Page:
Benefits of Peer Mentoring to Mentors, Female Mentees and Higher Education Institutions
In this article, the authors describe a pilot mentoring program which includes the under-representation of female researchers in senior academic positions by supporting early career development for young academics at two faculties at a Danish university. The authors analyze the benefits of mentoring to postdoc female researchers’ career, to the mentees, and to the higher education institution. The implementation of the structured mentoring program demonstrates a level of institutional support that helped strengthen self-confidence and individual development, and provided access to experienced researchers’ knowledge about career planning and integration in the research environment.
Publication Year: 2016    |    Updated in ITEC: August 9, 2017
8   |   From section Teacher Educators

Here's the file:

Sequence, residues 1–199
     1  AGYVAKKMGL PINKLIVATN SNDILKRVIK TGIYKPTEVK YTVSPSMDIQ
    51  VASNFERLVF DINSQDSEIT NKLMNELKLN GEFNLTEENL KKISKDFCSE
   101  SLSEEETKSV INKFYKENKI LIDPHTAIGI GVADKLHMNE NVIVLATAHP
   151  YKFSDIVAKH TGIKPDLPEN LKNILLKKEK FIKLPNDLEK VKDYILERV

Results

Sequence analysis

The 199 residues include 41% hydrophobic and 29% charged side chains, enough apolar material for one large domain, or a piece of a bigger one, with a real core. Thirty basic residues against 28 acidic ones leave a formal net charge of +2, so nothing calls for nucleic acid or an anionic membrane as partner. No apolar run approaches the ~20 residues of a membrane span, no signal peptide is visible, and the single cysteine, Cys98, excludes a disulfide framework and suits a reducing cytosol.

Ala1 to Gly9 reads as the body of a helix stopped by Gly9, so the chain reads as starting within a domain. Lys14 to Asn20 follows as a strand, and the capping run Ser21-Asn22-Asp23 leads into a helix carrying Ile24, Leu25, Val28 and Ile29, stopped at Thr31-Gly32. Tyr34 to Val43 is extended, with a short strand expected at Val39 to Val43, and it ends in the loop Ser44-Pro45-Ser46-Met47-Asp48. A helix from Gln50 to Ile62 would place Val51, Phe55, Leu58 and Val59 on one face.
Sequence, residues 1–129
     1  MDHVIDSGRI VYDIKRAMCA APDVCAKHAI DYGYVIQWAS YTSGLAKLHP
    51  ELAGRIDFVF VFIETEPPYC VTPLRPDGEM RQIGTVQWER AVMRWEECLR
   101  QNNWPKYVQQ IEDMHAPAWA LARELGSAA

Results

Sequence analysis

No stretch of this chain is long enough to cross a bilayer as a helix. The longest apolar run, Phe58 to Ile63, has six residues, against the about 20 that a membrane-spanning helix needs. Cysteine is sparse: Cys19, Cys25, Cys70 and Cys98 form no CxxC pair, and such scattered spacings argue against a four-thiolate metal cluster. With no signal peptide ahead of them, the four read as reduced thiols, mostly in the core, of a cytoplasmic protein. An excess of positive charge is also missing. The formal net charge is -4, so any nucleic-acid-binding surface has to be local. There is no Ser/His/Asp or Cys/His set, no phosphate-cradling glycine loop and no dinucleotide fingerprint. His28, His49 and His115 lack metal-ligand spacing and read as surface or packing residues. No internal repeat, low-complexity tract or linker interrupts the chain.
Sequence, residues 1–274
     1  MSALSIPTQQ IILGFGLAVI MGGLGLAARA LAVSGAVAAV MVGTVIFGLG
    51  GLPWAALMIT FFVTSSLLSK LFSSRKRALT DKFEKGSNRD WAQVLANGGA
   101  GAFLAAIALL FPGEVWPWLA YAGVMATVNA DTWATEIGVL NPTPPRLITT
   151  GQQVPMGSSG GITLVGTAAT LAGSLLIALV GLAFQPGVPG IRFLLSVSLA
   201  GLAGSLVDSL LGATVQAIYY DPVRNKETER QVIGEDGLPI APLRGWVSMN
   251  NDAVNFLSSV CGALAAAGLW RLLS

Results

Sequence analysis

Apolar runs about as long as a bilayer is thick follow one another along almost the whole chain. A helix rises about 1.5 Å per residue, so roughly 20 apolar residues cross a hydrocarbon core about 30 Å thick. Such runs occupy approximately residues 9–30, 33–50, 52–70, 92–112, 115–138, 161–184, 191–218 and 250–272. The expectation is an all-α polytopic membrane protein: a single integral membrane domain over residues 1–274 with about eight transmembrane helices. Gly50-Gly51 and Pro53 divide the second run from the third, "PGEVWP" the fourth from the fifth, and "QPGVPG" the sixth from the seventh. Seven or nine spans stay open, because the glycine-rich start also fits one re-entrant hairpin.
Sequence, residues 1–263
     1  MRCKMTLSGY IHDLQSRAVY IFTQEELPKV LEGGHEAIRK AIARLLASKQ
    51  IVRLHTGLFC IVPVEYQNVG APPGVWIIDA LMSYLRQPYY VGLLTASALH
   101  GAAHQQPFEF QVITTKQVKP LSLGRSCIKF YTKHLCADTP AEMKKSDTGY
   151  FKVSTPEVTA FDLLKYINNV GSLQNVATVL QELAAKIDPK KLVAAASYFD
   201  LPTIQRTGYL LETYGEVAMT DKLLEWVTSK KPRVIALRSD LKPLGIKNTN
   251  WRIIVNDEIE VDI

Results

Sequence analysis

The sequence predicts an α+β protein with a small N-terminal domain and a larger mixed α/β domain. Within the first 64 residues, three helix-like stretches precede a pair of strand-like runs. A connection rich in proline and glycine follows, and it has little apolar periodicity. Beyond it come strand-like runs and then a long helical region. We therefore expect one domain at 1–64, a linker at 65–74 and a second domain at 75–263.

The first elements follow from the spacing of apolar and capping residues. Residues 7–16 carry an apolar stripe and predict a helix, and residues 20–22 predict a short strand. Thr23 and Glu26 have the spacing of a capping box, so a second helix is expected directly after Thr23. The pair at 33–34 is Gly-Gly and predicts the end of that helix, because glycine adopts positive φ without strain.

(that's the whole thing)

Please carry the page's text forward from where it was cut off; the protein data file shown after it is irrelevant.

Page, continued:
Understanding Higher Education-Based Teacher Educators’ Identities in Hong Kong: A Sociocultural Linguistic Perspective
Author Rui Yuan
This study investigates two language teacher educators’ professional identities in Hong Kong universities. The findings show that the participants discursively constructed their identities, such as “accidental teacher educator,” “teacher educator-researcher,” “struggling researcher,” “teacher of teachers,” and “inactive researcher” in their professional work.
Publication Year: 2016    |    Updated in ITEC: July 9, 2017
9   |   From section Teacher Educators
Embodying Pre-Tense Conditions for Research among Teacher Educators in the Australian University Sector: A Bourdieusian Analysis of Ethico-Emotive Suffering